Gene Mutations Affect Cognition, Emotions. (Imaging Studies)

By Evans, Jeff | Clinical Psychiatry News, February 2003 | Go to article overview

Gene Mutations Affect Cognition, Emotions. (Imaging Studies)


Evans, Jeff, Clinical Psychiatry News


BETHESDA, MD. -- Specific mutations to single genes may help predispose some patients to abnormal behaviors, Dr. Daniel R. Weinberger said at a psychopharmacology update sponsored by the National Institute of Mental Health.

In imaging studies, seemingly insignificant polymorphisms in three well-studied genes have been observed to have a relatively large impact on information processing and emotional responses.

Several studies have focused on the effects of a single-base pair substitution in the gene that codes for catechol-O-methyl-transferase (COMT), which breaks down dopamine, said Dr. Weinberger, chief of the clinical brain disorders branch of the National Institute of Mental Health.

The mutation makes the COMT enzyme about one-fourth as active as the normal enzyme. With less COMT activity in the prefrontal cortex, dopamine stays in the synaptic cleft for longer periods--on the order of hundreds rather than tens of milliseconds. The prefrontal cortex has no synaptic dopamine transporters, allowing dopamine to exert its effects there for longer periods than in other regions of the brain.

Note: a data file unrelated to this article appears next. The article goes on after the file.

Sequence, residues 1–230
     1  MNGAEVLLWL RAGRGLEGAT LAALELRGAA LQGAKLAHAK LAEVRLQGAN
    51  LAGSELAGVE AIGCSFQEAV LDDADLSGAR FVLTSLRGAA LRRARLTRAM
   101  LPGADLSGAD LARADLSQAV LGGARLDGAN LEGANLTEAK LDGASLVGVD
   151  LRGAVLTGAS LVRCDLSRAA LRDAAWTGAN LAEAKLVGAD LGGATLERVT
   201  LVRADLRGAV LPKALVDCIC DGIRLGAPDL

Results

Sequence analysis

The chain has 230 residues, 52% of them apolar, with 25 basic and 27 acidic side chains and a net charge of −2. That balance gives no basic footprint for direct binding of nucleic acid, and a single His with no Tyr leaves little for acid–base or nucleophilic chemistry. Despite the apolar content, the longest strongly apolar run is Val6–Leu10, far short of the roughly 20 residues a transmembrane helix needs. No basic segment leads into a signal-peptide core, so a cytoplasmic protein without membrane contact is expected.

"A little more dopamine in the prefrontal cortex allows you to handle info a little quicker, more efficient, and a little more effectively" Dr. Weinberger said.

In MRI studies that look at the efficiency of information processing during working memory, people with two mutant COMT alleles performed the best, and people with one mutant allele performed better than those without any mutant alleles. The COMT mutation accounted for approximately 4% of variation in human frontal lobe executive cognition.

"This is a tiny effect all by itself," he said. "Four percent is not going to determine who's the top of the class, but for one gene to explain 4% of a very highly evolved and unique human function is quite an interesting phenomenon."

Approximately 50% of people have at least one of the mutant alleles, and 15% have both, he said.

The presence of the COMT mutant alleles may explain why some people respond well to amphetamines while others have adverse brain responses. Models predict that as the cortical dopamine level and receptor activation rises, people with no mutant alleles will derive the most benefit from amphetamine and improve their working memory performance by the greatest amount. Peoples with one mutant allele derive less benefit from amphetamines but will improve their performance. On the other hand, amphetamines will not help or will even decrease the performance of people with both mutant alleles, who already perform at an optimum level, and put such individuals at an increased risk of having an adverse brain response to them. …

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